(SportsNetwork.com) - If you were thinking the Denver Broncos' 43-8 thumping at the hands of the Seattle Seahawks in Super Bowl XLVIII would cause Peyton Manning to ponder his football mortality, think again.
The reigning NFL MVP, who turned 38 in March, surfaced in Denver on Wednesday for the first time this offseason, and flashed a sense of urgency highlighted by his organization's high-profile foray into free agency.
"I feel that I have a responsibility to the team to be on top of my game," Manning said before his appearance as a guest speaker for the local Boy Scouts of America's annual sports breakfast at the Pepsi Center. "That's what I think about every day when I lift weights and throw with my receivers -- doing my job to help the Denver Broncos.
"That's what I've tried to do since I've been here and that's what I'll keep doing until I stop playing."
A win in the big game had many speculating that Manning would indeed stop playing and ride off into the sunset as a champion with his second Lombardi Trophy -- legacy stamped, a thought process fueled by the fact that the five- time MVP admitted he could see the "light at the end of the tunnel" of his playing career.
Only Manning knows if that's how things would have played out if Denver bested Seattle, but the Seahawks' rout ensured there would be no happy ending to his fairy tale, at least in 2014.
"I don't really have a word for it," Manning said when reflecting on his team's disastrous effort against Seattle, one that put a black mark on what was a record-setting regular season.
"Obviously, it was disappointing. You study it. You study the game just like you do any game -- a win or a loss. What went well, what didn't go well. You try to be better for it and that's what you have to do. We will use that to fuel us this offseason and, hopefully, it will make us better."
Any remaining doubts Manning would be back for another run at the game's ultimate prize ended in March when he was formally cleared to play after an exam on his surgically repaired neck.
Since then, the 13-time Pro Bowl selection has been preparing for the grind of another 16-game campaign, most recently working out at Duke University with some familiar teammates like emerging tight end Julius Thomas, as well as some new ones like free agent receiver Emmanuel Sanders.
"I had a chance to throw with Sanders down there in North Carolina and I'm excited about playing with him," Manning said.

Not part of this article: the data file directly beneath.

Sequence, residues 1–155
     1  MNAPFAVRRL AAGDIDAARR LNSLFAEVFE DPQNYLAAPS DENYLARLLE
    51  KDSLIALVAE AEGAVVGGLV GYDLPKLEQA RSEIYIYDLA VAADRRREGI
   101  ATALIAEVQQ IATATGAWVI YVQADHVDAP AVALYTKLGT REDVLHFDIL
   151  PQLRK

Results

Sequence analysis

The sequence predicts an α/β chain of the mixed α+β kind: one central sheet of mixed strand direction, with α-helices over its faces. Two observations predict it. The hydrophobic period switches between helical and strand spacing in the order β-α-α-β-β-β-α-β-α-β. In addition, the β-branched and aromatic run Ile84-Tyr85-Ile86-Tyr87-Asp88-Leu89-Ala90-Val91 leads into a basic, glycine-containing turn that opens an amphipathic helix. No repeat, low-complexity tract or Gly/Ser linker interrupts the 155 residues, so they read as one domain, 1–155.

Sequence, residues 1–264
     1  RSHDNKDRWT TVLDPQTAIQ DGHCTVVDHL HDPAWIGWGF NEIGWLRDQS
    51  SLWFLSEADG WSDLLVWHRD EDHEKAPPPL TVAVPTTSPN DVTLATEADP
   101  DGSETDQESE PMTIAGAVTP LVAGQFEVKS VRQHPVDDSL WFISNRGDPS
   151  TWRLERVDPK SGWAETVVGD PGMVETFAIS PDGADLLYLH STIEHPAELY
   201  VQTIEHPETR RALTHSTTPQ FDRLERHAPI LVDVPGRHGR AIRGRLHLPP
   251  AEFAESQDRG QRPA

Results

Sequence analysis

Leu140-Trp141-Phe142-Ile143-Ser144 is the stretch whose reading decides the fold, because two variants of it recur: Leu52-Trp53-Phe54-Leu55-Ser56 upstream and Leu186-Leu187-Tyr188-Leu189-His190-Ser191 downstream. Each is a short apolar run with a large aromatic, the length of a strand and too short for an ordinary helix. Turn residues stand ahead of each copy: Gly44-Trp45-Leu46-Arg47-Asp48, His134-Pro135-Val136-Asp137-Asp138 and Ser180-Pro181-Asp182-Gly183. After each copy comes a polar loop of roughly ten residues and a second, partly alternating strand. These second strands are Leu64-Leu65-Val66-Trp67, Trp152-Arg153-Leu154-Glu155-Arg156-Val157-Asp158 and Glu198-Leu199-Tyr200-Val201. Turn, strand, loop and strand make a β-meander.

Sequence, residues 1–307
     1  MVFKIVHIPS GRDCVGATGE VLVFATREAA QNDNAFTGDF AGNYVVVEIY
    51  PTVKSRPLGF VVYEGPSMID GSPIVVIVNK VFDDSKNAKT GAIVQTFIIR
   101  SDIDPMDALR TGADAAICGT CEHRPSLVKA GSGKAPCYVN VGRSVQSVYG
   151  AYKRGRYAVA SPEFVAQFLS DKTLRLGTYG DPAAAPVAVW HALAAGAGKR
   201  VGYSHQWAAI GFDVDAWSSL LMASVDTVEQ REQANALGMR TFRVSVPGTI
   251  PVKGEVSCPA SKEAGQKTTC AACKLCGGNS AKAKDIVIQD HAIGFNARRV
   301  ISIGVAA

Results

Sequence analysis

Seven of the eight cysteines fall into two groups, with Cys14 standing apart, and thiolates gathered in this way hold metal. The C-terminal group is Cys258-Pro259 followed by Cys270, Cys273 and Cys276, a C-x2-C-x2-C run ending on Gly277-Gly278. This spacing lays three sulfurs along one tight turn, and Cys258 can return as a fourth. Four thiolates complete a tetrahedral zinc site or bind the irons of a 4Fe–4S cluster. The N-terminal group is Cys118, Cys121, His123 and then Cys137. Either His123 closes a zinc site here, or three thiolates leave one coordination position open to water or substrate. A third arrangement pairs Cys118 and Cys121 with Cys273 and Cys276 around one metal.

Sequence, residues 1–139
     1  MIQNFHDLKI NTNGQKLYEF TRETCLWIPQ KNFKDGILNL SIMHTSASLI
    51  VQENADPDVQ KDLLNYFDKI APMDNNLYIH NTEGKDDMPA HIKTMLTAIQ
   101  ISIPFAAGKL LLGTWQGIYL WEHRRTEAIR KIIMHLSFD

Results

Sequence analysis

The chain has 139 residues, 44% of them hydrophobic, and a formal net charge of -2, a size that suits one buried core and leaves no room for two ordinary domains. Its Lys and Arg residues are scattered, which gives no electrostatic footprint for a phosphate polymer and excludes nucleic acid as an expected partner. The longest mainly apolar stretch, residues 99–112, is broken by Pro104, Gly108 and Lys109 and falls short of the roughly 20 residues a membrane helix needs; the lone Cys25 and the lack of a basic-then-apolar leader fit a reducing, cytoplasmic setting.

Like most, Manning was very impressed by John Elway's handiwork in free agency which resulted in a haul that not only placed Sanders in the Rocky Mountains but also high-profile defensive targets like pass rusher DeMarcus Ware, shutdown cornerback Aqib Talib and ascending young safety T.J. Ward.
"I've communicated with them all," Manning continued. "I know Eli (Manning) told me he was glad DeMarcus Ware was leaving his division. He can no longer hit him and I'm glad he's on my team. Talib has been a tough player to play against, so I'm glad he's on our team, as well as T.J. Ward."
Denver was always going to be a serious threat to get back to the Super Bowl as long as Manning returned, but by "winning" free agency, the Broncos have seemingly lapped an AFC field they were already dominating.
"The front office has addressed some offseason needs via free agency, and, of course, the draft is coming up," Manning said. "(Now) it's up to the players to put in the hard work in the weight room, in the film room and on the practice field to try and be a better team this year."
Better remains a possibility, but the shelf life of this group remains about as lengthy as that gallon of milk you picked up last night. The future isn't what this team is about, though.
It's all about finishing that fairy tale the right way and living happily ever after.
"Absolutely, that's what I want to do," Manning said. "That's what the Denver Broncos want to do. I'm glad to be a part of a team where that's what they want to do. I want to try to do my best to do my part."